[Warning: Some Minor Spoilers are included in this Review]
I downloaded Blackmarsh last night, and read it in under an hour while trying to fall asleep (it kept me awake!). Like all of Conley’s work, it is evocative yet wonderfully succinct. Clearly Conley takes to heart the Bard’s decree that “brevity is the soul of wit.”
The format of Blackmarsh will be familiar to anyone who has read Conley’s Points of Light books from Goodman Games, his ‘Wild North’ setting from Fight On! #3, or the various Wilderlands of High Fantasy products from Judges Guild (including the revised version published by Necromancer Games a few years ago, to which Conley also contributed).
Essentially, an overview of the Blackmarsh setting as a whole is provided in the opening pages of the booklet, followed by some notes on the main geographical features of the region (forests, rivers, mountain ranges, and so forth). The bulk of the booklet consists of keyed entries for the hexagonal map of the Blackmarsh region (i.e., each hex is assigned a number, e.g., 1810, and about 10% of the hexes have special features that are described in the booklet, e.g., monsters, citadels, ruins, towns, etc.). A separate map is provided for Blackmarsh Castle, and it is given a more detailed description than any other region.
I especially liked that a rich text version of the gazetteer was included in the download, as this greatly facilitates the ability of Game Masters to tweak different entries, and to customize the setting to their respective campaign worlds. It also enables GMs to insert appropriate game statistics, and so forth.
I also appreciated that a ‘players’ map’ was included. Such maps are very helpful in promoting ‘sandbox’ style campaigns, as they give players a clear framework for open exploration. Players’ maps also help GMs determine how knowledgeable the players’ characters are of the region, by giving him or her the power to add details to the map as appropriate.
The name ‘Blackmarsh’ obviously is an homage to David Arneson’s classic ‘Blackmoor’ campaign setting. Beyond its name and general ‘northern borderland’ ethos, though, ‘Blackmarsh’ is its own thing.
Blackmarsh, however, is related to some of Rob Conley’s other mini-settings: the ‘Southlands’ (from the first Points of Light book) is immediately south of Blackmarsh, and the ‘Wild North’ (from Fight On! #3) is about 100 miles to the east.
The background to the setting is intriguing: apparently, two millennia ago a meteorite fell to earth (‘the Mountain that Fell’), creating the ‘Smoking Bay,’ the great bay that lies at the centre of Blackmarsh. The meteorite also scattered an element known as ‘Viz’ throughout the region. Viz is a magical substance that can be used for a variety of purposes (ultimately whatever the GM desires). Also scattered by the meteorite were various ‘weird’ alien artifacts, and even creatures – although these are not described in the book (this aspect of the setting simply is a hook for GMs to develop further, as they see fit).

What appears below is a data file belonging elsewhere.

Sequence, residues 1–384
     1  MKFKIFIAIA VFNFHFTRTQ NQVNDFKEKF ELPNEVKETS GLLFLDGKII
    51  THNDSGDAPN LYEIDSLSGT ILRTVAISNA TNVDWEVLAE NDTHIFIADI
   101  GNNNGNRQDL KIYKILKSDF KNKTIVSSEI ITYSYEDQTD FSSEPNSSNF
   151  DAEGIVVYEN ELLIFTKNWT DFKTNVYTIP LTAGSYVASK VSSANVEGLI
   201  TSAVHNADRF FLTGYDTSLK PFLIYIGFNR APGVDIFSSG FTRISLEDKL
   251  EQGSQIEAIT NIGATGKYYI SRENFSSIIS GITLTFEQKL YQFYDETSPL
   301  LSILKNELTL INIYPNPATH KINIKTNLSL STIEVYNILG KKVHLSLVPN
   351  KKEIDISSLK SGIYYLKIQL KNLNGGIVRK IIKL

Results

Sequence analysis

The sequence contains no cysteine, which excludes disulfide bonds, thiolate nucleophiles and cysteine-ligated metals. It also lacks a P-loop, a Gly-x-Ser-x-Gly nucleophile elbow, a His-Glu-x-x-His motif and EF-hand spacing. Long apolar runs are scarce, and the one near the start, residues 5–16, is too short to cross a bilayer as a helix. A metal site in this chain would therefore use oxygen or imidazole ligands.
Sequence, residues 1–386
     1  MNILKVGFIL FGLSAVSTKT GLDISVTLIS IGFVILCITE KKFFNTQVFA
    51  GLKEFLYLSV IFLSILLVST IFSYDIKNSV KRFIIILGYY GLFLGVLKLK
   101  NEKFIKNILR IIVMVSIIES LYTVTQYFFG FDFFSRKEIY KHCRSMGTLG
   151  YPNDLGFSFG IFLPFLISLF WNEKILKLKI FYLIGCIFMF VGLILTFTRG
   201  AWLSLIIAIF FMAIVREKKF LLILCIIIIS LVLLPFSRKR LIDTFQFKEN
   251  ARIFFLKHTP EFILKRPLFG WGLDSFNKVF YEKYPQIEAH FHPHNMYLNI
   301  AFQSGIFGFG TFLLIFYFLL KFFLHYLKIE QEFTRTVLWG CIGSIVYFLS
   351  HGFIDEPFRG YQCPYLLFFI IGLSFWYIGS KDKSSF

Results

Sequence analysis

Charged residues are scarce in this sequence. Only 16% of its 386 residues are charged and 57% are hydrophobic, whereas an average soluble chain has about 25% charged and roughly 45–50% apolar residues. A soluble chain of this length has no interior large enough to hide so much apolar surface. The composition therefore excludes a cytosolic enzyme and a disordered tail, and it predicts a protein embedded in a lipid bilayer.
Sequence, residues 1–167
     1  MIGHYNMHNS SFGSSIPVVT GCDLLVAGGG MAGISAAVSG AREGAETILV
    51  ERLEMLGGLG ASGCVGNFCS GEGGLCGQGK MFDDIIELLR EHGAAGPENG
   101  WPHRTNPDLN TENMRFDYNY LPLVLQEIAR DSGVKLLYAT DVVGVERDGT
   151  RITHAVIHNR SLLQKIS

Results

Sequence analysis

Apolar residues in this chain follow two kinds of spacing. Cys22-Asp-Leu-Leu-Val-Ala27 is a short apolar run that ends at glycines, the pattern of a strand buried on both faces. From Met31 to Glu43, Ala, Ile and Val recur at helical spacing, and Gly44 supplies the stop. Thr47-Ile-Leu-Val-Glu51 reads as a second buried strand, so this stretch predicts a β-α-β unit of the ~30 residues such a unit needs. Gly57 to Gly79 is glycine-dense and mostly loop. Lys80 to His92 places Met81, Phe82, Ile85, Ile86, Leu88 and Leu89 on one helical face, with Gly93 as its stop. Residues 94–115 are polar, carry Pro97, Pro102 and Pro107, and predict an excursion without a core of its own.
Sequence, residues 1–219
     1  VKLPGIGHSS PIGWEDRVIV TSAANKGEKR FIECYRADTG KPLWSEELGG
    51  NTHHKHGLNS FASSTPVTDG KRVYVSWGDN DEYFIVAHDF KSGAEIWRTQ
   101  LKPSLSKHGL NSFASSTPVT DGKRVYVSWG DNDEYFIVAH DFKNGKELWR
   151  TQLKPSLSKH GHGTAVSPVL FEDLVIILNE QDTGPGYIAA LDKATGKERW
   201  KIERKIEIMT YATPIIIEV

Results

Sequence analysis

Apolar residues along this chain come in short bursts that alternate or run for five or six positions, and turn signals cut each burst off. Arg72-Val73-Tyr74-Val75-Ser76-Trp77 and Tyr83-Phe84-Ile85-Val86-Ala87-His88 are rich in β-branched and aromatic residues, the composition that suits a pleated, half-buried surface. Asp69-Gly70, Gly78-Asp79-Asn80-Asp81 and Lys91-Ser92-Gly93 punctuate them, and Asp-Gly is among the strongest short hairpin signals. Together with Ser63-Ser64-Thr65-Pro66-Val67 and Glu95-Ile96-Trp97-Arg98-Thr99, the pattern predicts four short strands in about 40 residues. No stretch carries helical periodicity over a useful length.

The non-human races – Elves, Dwarves, Halflings, Orcs, and so forth – are all pretty bog standard. Refreshingly, though, there is an organization of evil Elves, called the ‘House of Raven,’ at large in the setting. These Elves are committed to the destruction and/or subjugation of all other races (simply put, they are ‘Elf-Supremacists’).
There also are four human civilizations in the Blackmarsh area:
(1) The remnants of the ancient ‘Bright Empire’ (a somewhat confusing name for those familiar with Michael Moorcock’s Elric stories) live in the area around Blackmarsh Castle (which was an old ‘Bright Empire’ outpost; the Bright Empire itself collapsed about eight centuries ago).
(2) The new arrivals from the expanding ‘Grand Kingdom’ to the southeast (essentially, the main ‘lawful’ human civilization of Conley’s greater setting).
(3) The Vasan Vikings, who were displaced by the Grand Kingdom, and now engage in various acts of raiding and pillaging from their new headquarters in the northeastern part of Blackmarsh.
(4) Finally, the recently civilized Ostrobards who occupy a small kingdom in northern Blackmarsh.
Blackmarsh Castle itself was recently ruled by an evil arch-mage named Atacyl Oathbinder, who eventually was driven from Blackmarsh Castle (only to reappear later as a vampire). Before leaving, though, Atacyl apparently built some dungeons beneath the castle in order to pursue his vile magical studies. These were sealed when the castle was liberated, but obviously could serve as the basis for a few ‘dungeon crawl’ style adventures, for groups who like that sort of thing.
The main ‘good’ organization in the region is the ‘Blackmarsh Rangers.’ Based in the Blackoak Castle, the Rangers are committed to fighting evil and chaos in the north. It is possible that player characters could become members of the Blackmarsh Rangers, as their membership is quite diverse, and be sent on various missions by them.
Clearly, there are many adventure hooks in Blackmarsh. In addition to missions for the Blackmarsh Rangers, adventurers might search for the Viz scattered throughout the region, or perhaps the alien artifacts also scattered by the Mountain that Fell. Many ruins of the lost Bright Empire also exist, now dens of monsters or other vile things. Then there are the simmering political conflicts in the region (especially involving the Vasan Vikings and the House of Raven). And finally, of course, there are the dangerous wilds themselves, with monsters, brigands, and other dangers to be faced.
In short, I highly recommend Blackmarsh! It has many interesting elements to it (e.g., the Viz), and could very easily be adapted to most fantasy settings. Even if not used ‘as is,’ the product is a short, fun, and inspirational read!
(For another (positive) review of Blackmarsh, go here.)